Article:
househuntersFive years ago, I became a grownup. The process involved the following steps: leave New York City, get married, buy a house in the suburbs, have two kids. Recently added into that mix is the forsaking of narrative-driven TV for shows like House Hunters (or House Hunters International, if you’re nasty), the Food Network (love you, Ina), and, for the love of fanny packs, Rick Steves travel shows. With two small kids, I simply have less time and brain space to devote to character development, slow-burn romantic entanglements, and complicated plotlines. Not to mention the emotional toll: The Walking Dead depressed me, House of Cards angered me, and Game of Thrones reminded me too much of my childhood. Don’t get me wrong–I still watch these shows, just in a style reminiscent of the way God works: outside the traditional parameters of time. (Is the Governor still alive on TWD?).

Such meandering through series of television creates a conflict whenever the Netflix connection is down or I open up the current issue of Entertainment Weekly to spoiler alerts, but our DVR space has been cleared for home, cooking, and travel shows. Recently I was watching an episode of House Hunters featuring an insufferable wife (aren’t they all? When they’re not me?) lamenting the absence of items from her wish list in a house she and her husband were…hunting, I guess? Their agent reminded them that, when purchasing a home, the buyers typically only get 80% of their desires met. This number was news to me, and I found myself wondering what algorithm the agent used to obtain it, as well as whether it applies to marriage, too. And children. And…well, life.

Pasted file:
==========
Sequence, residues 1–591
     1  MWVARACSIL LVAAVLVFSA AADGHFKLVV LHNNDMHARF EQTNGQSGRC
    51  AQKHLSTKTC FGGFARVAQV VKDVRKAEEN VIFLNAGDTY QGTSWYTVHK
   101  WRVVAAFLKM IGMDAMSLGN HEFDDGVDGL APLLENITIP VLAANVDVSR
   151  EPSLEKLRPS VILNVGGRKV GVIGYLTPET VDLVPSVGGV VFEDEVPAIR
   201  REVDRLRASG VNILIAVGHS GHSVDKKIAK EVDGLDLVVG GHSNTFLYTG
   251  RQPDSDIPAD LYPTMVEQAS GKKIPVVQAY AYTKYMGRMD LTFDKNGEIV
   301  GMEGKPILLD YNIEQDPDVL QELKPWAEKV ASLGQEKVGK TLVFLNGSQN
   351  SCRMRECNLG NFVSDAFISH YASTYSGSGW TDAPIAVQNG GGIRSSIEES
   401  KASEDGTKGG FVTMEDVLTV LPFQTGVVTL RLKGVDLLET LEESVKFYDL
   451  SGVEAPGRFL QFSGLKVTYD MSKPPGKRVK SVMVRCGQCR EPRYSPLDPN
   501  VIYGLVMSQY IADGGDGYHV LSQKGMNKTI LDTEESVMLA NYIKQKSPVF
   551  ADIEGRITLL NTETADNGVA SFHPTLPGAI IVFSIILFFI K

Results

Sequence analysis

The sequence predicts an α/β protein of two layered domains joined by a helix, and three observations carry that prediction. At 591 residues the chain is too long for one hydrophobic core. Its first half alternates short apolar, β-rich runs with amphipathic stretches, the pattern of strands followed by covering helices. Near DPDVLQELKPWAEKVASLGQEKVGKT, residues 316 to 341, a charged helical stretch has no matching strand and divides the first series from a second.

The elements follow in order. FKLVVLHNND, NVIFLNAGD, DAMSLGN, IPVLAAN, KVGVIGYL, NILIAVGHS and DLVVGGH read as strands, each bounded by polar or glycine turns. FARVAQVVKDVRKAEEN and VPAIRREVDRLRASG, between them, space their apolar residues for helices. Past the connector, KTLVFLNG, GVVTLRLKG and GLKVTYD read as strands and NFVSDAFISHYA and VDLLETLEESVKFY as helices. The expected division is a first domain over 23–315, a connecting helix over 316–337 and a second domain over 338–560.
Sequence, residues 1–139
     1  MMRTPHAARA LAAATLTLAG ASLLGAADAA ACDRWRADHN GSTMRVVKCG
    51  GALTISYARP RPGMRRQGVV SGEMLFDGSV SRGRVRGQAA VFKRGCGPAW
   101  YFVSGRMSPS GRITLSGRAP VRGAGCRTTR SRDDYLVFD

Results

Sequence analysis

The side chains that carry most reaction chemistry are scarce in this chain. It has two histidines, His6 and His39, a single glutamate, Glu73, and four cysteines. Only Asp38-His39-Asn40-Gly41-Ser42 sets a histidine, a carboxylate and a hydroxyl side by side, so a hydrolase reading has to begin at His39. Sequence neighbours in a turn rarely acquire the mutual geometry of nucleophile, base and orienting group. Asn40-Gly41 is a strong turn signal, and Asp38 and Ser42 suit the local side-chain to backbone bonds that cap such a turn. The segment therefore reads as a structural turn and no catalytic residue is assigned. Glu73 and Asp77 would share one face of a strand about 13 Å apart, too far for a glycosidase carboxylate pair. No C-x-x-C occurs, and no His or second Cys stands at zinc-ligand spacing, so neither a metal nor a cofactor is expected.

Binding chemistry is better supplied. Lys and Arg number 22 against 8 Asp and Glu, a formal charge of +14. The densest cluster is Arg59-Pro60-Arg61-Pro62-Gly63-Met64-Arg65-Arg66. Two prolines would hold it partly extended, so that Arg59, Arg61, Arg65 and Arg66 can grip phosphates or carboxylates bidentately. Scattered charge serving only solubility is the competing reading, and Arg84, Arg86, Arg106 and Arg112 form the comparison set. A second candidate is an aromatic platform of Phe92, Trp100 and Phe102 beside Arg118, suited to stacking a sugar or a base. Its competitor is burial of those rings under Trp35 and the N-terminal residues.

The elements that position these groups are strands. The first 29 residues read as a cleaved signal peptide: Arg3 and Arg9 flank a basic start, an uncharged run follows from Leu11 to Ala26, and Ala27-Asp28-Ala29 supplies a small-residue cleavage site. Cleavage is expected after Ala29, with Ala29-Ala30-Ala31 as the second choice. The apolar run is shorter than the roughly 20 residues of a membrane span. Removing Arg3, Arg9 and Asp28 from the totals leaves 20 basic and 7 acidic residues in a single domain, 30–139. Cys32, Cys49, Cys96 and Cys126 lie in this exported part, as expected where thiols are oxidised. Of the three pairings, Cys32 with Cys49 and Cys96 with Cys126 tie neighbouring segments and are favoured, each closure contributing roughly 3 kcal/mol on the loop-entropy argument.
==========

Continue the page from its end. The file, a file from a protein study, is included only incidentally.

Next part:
Our shower recently stopped draining.

In a segment of my life I like to refer to as So What if They’re First World Problems? THEY’RE STILL MY PROBLEMS, I am frequently decimated by domestic breakdowns. The water dispenser in our refrigerator door just up and left its post the other day, and I slammed my fist on the counter in tears. “I just want everything to work!” I cried to my husband, who promptly burst into laughter. (I think he might be broken too.)

Our leaky faucet began to drip, rhythmically mocking me.

rickstevesA few days later our older son came home from school with a stomach virus. Upchucked sweet potatoes all over his sheets, and let’s not even talk about what happened in his pants. Just as he was returning to health, the baby blew the same mess into his diaper. Next, his nose became a snot faucet. Once that improved, he developed an ear infection. He was put on antibiotics that he preferred gagging on to swallowing. And let’s not even talk about what happened in his diapers. Let the circle be unbroken.